Project description:Altered function of the medial temporal lobe (MTL) is a valuable indicator of conversion from amnestic mild cognitive impairment (aMCI) to Alzheimer's disease. This study is to delineate the functional circuitry of multiple subdivisions of parahippocampal gyrus and hippocampus (HIP) and to examine how this knowledge contributes to a more principled understanding of the contributions of its subregions to memory in aMCI. The functional connectivity (FC) analysis was performed in 85 aMCI and 129 healthy controls. The aMCI demonstrated the distinct disruptive patterns of the MTL subregional connectivity with the whole-brain. The right entorhinal cortex (ERC) and perirhinal cortex (PRC) showed increased connectivity with the left inferior and middle occipital gyrus, respectively, which potentially indicated a compensatory mechanism. Furthermore, the right altered MTL subregional FC was associated with episodic memory performance in aMCI. These results provide novel insights into the heterogeneous nature of its large-scale connectivity in MTL subregions in memory system underlying the memory deficits in aMCI. It further suggests that altered FC of MTL subregions is associated with the impairment of the differential encoding stages of memories and the functional changes in the specific right HIP-ERC-PRC-temporal circuitry may contribute to the impairment of episodic memory in aMCI.
Project description:Impaired structure and function of the hippocampus is a valuable predictor of progression from amnestic mild cognitive impairment (aMCI) to Alzheimer's disease (AD). As a part of the medial temporal lobe memory system, the hippocampus is one of the brain regions affected earliest by AD neuropathology, and shows progressive degeneration as aMCI progresses to AD. Currently, no validated biomarkers can precisely predict the conversion from aMCI to AD. Therefore, there is a great need of sensitive tools for the early detection of AD progression. In this review, we summarize the specific structural and functional changes in the hippocampus from recent aMCI studies using neurophysiological and neuroimaging data. We suggest that a combination of advanced multi-modal neuroimaging measures in discovering biomarkers will provide more precise and sensitive measures of hippocampal changes than using only one of them. These will potentially affect early diagnosis and disease-modifying treatments. We propose a new sequential and progressive framework in which the impairment spreads from the integrity of fibers to volume and then to function in hippocampal subregions. Meanwhile, this is likely to be accompanied by progressive impairment of behavioral and neuropsychological performance in the progression of aMCI to AD.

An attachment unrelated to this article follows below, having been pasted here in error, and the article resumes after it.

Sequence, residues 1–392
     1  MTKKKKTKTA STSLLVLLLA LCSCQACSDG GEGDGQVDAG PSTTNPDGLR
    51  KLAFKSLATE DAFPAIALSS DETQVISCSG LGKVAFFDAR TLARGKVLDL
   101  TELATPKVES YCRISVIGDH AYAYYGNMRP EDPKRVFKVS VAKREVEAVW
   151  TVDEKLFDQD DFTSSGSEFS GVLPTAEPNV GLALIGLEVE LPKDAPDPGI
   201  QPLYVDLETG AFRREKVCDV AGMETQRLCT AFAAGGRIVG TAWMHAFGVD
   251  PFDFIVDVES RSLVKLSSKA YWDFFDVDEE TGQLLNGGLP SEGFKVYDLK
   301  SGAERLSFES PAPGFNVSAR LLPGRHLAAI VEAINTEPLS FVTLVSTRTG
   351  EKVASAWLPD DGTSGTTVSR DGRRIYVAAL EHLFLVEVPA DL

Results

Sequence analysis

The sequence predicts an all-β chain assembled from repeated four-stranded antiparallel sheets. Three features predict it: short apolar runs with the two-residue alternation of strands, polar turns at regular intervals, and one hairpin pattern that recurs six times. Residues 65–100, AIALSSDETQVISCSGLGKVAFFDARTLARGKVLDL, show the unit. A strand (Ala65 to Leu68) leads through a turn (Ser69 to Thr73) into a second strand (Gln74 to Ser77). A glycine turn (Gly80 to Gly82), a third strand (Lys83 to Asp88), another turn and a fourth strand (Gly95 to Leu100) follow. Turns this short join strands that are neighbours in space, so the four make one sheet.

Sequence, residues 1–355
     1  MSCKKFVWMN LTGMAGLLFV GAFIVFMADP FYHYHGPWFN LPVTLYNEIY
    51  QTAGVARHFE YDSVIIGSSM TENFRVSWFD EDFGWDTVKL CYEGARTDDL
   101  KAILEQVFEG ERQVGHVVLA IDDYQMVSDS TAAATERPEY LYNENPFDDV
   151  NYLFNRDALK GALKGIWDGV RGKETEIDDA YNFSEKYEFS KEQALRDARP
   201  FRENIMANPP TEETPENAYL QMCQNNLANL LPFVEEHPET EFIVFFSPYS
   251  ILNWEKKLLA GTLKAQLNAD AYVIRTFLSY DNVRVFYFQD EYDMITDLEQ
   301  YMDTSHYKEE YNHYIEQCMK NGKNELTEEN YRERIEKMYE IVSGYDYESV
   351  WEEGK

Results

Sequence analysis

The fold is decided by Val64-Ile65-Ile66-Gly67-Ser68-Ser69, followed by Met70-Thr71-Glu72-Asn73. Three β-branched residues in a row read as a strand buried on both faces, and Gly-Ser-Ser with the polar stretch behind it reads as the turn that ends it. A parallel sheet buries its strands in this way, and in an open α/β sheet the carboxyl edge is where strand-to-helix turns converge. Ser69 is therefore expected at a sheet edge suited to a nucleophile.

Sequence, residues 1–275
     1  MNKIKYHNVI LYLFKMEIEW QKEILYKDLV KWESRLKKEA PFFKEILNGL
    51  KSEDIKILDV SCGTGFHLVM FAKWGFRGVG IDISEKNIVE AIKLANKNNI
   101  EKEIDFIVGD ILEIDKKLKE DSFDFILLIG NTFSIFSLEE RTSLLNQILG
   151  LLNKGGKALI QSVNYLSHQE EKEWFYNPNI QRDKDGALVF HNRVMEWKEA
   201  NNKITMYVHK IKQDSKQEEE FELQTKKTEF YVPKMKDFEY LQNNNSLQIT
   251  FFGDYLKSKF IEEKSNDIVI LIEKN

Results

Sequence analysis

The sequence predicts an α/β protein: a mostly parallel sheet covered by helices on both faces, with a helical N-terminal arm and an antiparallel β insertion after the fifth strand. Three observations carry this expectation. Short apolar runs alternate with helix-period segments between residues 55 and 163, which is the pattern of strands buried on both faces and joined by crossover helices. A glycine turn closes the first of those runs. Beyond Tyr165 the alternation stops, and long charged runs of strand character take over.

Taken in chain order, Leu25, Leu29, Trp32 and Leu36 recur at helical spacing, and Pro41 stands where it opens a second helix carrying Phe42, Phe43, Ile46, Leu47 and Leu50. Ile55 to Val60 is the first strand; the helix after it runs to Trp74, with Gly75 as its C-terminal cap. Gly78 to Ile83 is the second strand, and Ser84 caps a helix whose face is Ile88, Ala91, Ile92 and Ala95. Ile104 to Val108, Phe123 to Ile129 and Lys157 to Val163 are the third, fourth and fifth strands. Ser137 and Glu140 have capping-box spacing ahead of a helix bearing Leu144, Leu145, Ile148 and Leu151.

Project description:The authors assessed whether measures of hippocampal water diffusivity at baseline can predict future progression to Alzheimer disease (AD) in amnestic mild cognitive impairment (aMCI). Higher baseline hippocampal diffusivity was associated with a greater risk of progression to AD in aMCI (p = 0.002). Magnetic resonance diffusion-weighted imaging may help identify patients with aMCI who will progress to AD as well as or better than structural MRI measures of hippocampal atrophy.
Project description:Mild cognitive impairment (MCI) is a heterogeneous cognitive disorder that is often comorbid with Parkinson's diseases (PD). The amnestic subtype of PD-MCI (PD-aMCI) has a higher risk to develop dementia. However, there is a lack of studies on the white matter (WM) structural changes of PD-aMCI. We characterized the WM structural changes of PD-aMCI (n = 17) with cognitively normal PD (PD-CN, n = 19) and normal controls (n = 20), using voxel-based and tract-based spatial statistics (TBSS) analyses on fractional anisotropy (FA) axial diffusivity (AD), and radial diffusivity (RD). By excluding and then including the motor performance as a covariate in the comparison analysis between PD-aMCI and PD-CN, we attempted to discern the influences of two neuropathological mechanisms on the WM structural changes of PD-aMCI. The correlation analyses between memory and voxel-based WM measures in all PD patients were also performed (n = 36). The results showed that PD-aMCI had smaller FA values than PD-CN in the diffuse WM areas, and PD-CN had higher AD and RD values than normal controls in the right caudate. Most FA difference between PD-aMCI and PD-CN could be weakened by the motor adjustment. The FA differences between PD-aMCI and PD-CN were largely spatially overlapped with the memory-correlated FA values. Our findings demonstrated that the WM structural differences between PD-aMCI and PD-CN were mainly memory-related, and the influence of motor adjustment might indicate a common mechanism underlying both motor and memory impairment in PD-aMCI, possibly reflecting a predominant influence of dopaminergic neuropathology.